After we’re done with my current 4-session dose of Ars Magica, my Monday evening group is going to be doing some Feng Shui, so to get ready I acquired and had a read of the core rulebook. This is the 1st edition book, since it’s the version we’ll be playing, but apparently the new 2nd edition is very similar with a few points of distinction.
Feng Shui bills itself as being the Hong Kong action movie RPG, and on that front it knocks things out of the park – indeed, it’d be pretty decent for most other action movie genres at that. There is a default setting in which feng shui sites all over the world are the key to a Big Trouble In Little China-esque battle for occult supremacy that takes place over a swathe of time periods, ranging from ancient history to a cyberpunk future, but it’s completely viable to ignore this if you want to. The best thing about the default setting is that Robin Laws packs into the core book all the stuff you need to support play in any of the time settings presented, which cover more or less all the potential settings you might want to run an action movie RPG in. Running Feng Shui in a homebrewed setting or a specific movie’s world will in many cases be as simple as deciding what bits of the book you want to leave off the table, rather than having to cook up a bunch of new stuff.
(In the new edition, the bio-cyberpunk future is relaced with a Fallout-esque postapocalyptic setting, presumably because cyberpunk isn’t as popular these days, but I consider this a mistake; if you want a postapocalyptic setting, all you need to do is take the equipment list for the time period you reckon the apocalypse happened and then wreck everything, boom, done.)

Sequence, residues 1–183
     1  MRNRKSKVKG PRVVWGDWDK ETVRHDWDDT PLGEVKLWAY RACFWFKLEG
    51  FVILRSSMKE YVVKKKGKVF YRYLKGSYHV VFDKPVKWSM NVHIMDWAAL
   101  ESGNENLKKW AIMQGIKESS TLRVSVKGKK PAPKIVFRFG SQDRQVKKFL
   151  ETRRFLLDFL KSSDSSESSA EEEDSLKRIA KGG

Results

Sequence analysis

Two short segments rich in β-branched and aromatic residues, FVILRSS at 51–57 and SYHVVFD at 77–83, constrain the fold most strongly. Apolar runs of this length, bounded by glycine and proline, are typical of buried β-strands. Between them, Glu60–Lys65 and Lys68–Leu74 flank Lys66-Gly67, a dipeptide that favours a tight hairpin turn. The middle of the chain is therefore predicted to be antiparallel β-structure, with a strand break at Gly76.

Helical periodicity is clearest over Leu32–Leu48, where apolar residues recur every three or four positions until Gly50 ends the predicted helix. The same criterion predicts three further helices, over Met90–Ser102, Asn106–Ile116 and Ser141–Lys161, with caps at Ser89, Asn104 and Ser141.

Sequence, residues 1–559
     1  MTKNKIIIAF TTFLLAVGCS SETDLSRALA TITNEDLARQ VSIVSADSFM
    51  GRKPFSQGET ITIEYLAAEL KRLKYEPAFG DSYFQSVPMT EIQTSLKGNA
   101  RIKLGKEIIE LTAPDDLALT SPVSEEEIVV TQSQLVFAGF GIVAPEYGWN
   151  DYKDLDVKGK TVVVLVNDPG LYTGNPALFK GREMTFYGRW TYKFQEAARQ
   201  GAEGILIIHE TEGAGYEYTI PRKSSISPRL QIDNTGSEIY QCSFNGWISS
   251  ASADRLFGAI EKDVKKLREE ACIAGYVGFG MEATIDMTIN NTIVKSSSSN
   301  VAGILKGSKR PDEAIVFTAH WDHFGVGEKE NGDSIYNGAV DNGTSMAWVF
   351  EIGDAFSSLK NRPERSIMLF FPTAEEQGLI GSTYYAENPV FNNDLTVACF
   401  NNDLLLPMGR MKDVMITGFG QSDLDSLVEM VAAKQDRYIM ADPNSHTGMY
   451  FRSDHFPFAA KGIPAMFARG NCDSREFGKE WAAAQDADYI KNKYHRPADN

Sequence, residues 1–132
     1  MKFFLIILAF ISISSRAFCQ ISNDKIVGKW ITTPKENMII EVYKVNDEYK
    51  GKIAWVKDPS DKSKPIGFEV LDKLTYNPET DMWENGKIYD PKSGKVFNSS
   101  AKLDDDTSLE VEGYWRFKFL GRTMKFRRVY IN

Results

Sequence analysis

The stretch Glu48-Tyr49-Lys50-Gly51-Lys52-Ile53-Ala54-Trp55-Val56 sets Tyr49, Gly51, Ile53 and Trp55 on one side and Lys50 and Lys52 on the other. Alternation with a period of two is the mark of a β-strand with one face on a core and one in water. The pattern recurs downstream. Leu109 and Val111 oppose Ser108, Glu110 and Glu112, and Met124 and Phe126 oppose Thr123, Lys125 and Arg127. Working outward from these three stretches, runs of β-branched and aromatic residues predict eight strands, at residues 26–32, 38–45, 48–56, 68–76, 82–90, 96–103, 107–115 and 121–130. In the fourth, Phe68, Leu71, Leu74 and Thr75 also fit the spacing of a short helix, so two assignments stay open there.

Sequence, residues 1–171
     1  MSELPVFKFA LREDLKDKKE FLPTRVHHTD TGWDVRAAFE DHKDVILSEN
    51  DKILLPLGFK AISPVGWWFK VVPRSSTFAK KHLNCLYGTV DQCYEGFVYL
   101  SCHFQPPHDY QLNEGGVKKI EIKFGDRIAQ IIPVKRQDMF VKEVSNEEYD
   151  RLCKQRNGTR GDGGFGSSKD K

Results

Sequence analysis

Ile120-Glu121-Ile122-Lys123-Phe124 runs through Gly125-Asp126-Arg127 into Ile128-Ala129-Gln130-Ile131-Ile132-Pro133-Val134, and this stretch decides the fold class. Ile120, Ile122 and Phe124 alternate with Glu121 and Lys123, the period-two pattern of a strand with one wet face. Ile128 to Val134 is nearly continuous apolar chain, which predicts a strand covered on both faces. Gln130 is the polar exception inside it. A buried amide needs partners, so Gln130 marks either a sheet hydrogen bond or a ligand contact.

This incredible flexibility is exemplified by the broad variety of character types offered. Feng Shui does not offer some sort of 100% free-choice character building process – instead, you have to pick a template and then customise as instructed. Luckily, the templates offered cover more or less every action movie archetype you could want plus more – if you want to play a kitsune-style animal spirit passing for human, or a ghost, or a wizard, or a bioengineered monstrosity, or a supernatural creature, you’re in luck, and the customisation offered is just flexible enough to give variety within the types too. (You could totally run Underworld with this.)
Feng Shui came out in 1996, the same year as Deadlands, and there’s a very similar design approach there – you have a comparatively simple and easy to grasp core system that nicely encapsulates the style of the genre it’s going for, and then all of the different weird little bits that can get tacked onto that are partitioned off into their own chapters and if you are not playing a character type that interacts with that, you never have to bother with that information. This is great from a player’s point of view, but does means that there’s lots of different systems for exceptional weird stuff that the referee has to keep track of, especially if you have a broad variety of very different characters. Even then, the majority of subsystems are reasonably simple (as you might expect, the whole martial arts styles thing is probably the most complex one), and it will be a rare game where all of them are being used a lot of the time. And, of course, if you decide to not use the time war and go for a more specific genre, then the game actually gets simpler because you’re probably going to be setting aside a lot of optional systems that don’t apply to what you’re doing.